We hear a lot about fake news – it’s widely recognized as a problem not just for individual consumers of media but for democratic societies en masse. What is fake news and how should we respond to it? It is helpful to understand fake news as part of a bigger problem we can call media manipulation. Laws and policies may help to counter this and, in some cases, will be necessary. But, at best, they offer incomplete solutions. More important is to understand the sort of people we need to become to inoculate ourselves against this form of manipulation.
Questions like this – about the sort of people we are and need to become – are questions about moral character. To best respond to the problem of fake news we need a sharper understanding of moral character (and as it turns out, the problem of fake news can help us to understand better what moral character is). But before approaching these questions, it will first help to understand what fake news and media manipulation are. It will also help to look at several proposed solutions to the problem and why they are incomplete and, in some cases, worrying. This will be the focus in what follows. The next essay in this series will focus on questions of moral character, providing a philosophical framework on which to build a solution.
If we understand fake news as “false stories that appear to be news” and news as “verifiable information in the public interest,” then fake news is an oxymoron. What we often refer to as fake news is just disinformation, as a UNESCO handbook for journalists points out. This disinformation is also typically intended to influence political views. Part of what makes fake news so pernicious is that it is disinformation meant to control public opinion and it does this by controlling the beliefs of its individual consumers. In other words, its intention is not to inform the public but to manipulate it.
Russian interference in America’s 2016 presidential election is now a classic example of this. A more recent example is Beijing’s attempts to undermine the credibility of protesters and sway public opinion throughout the Hong Kong protests of summer 2019. In addition to the standard tactics of the political propagandist, this included the use of either false or distorted information in as many as 200,000 Twitter accounts masqueraded as individual users, though they were in fact controlled and coordinated in a State-backed operation by Beijing. This kind of manipulation and intent to control damages democracy and it disrespects citizens. It prevents citizens from making reasonably informed decisions; it bypasses their consent and uses them as instruments for broadly political purposes.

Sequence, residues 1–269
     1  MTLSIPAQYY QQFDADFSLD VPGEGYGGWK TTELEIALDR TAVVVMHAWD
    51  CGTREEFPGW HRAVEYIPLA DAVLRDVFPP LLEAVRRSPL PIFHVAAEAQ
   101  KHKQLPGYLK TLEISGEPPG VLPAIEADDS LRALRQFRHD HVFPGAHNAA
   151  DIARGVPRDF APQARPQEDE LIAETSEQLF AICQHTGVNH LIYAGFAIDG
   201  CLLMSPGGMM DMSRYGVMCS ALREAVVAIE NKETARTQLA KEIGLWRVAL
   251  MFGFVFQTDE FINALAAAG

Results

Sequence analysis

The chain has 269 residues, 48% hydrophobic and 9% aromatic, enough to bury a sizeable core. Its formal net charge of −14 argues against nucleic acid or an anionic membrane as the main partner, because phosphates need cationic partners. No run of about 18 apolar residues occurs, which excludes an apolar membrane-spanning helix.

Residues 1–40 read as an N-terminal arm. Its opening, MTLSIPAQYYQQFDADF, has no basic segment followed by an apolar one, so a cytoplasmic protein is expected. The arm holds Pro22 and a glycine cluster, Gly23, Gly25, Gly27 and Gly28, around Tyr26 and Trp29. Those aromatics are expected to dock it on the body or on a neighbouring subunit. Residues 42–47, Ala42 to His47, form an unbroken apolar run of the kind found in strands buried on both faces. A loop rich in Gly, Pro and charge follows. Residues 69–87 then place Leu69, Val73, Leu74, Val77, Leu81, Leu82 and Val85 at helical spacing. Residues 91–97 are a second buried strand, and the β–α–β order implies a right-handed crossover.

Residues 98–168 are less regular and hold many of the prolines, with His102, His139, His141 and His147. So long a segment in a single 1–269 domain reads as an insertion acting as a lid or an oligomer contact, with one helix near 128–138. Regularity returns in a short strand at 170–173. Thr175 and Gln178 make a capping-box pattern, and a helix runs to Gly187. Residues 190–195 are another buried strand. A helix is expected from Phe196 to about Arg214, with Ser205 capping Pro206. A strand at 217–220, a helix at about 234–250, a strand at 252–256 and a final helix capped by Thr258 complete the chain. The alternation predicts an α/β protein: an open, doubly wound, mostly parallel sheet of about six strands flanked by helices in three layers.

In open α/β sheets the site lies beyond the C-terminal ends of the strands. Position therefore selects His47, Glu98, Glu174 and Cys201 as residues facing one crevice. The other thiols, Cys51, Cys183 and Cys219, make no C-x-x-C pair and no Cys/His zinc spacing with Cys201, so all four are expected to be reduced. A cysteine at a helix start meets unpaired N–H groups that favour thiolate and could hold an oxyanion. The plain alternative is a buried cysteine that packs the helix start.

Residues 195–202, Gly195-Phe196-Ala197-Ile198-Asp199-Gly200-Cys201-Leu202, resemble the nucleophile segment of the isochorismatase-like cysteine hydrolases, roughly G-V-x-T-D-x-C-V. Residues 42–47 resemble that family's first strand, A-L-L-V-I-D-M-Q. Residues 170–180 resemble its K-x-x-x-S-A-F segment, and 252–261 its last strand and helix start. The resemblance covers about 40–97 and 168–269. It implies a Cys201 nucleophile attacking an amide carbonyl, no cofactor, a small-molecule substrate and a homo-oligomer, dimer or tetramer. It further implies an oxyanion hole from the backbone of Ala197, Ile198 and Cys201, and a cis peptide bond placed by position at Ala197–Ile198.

However, information need not directly misinform to be manipulative. There is a large gap between straightforward disinformation and responsible journalism. When we talk about fake news, we sometimes mean to include reporting that does not meet the standards of responsible journalism – reporting that is heavily biased, withholds important information, or otherwise distorts the truth, again often with the intention to influence political views. Partial truths can be as harmful as lies, and news that doesn’t directly disinform can still be manipulative.
Nowadays, this manipulation often comes in the form of emotionally charged content and headlines designed to make us share that content. The emotion communicates a sense of urgency and importance, causing us to feel as though the world must know what we know (or what we believe we know). All the better if we can have a ‘moral experience’ along the way, by publicly identifying with what we take to be a just cause. These shares increase web traffic and ad revenue for the companies that create that content and run the platforms we share it on.
When we do this, though we might feel like we are in control, we are simultaneously being used as instruments for financial gain. Sharing a list like “Ten Reasons Everyone Should be Furious About Trayvon Martin’s Murder” may make you feel as though you’re doing something good, but the reason you’re reading it in the first place is because it makes someone else (and not Trayvon Martin’s family) money. As Jonah Peretti, cofounder and CEO of Buzzfeed, once explained in a pitch to venture capitalists: “raw buzz is automatically published the moment it is detected by our algorithm” and “the future of the industry is advertising as content.” This and other broader forms of manipulation by media is the general problem that fake news is a part of.